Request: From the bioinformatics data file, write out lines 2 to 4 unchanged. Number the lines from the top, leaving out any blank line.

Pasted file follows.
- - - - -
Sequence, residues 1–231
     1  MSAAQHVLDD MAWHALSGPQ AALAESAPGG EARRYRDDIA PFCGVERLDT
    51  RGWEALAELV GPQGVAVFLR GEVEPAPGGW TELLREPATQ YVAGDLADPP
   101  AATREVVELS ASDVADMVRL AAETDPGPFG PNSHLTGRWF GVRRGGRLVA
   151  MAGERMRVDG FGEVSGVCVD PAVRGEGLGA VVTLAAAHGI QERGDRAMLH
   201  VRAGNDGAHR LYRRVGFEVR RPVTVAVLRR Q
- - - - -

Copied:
     1  MSAAQHVLDD MAWHALSGPQ AALAESAPGG EARRYRDDIA PFCGVERLDT
    51  RGWEALAELV GPQGVAVFLR GEVEPAPGGW TELLREPATQ YVAGDLADPP
   101  AATREVVELS ASDVADMVRL AAETDPGPFG PNSHLTGRWF GVRRGGRLVA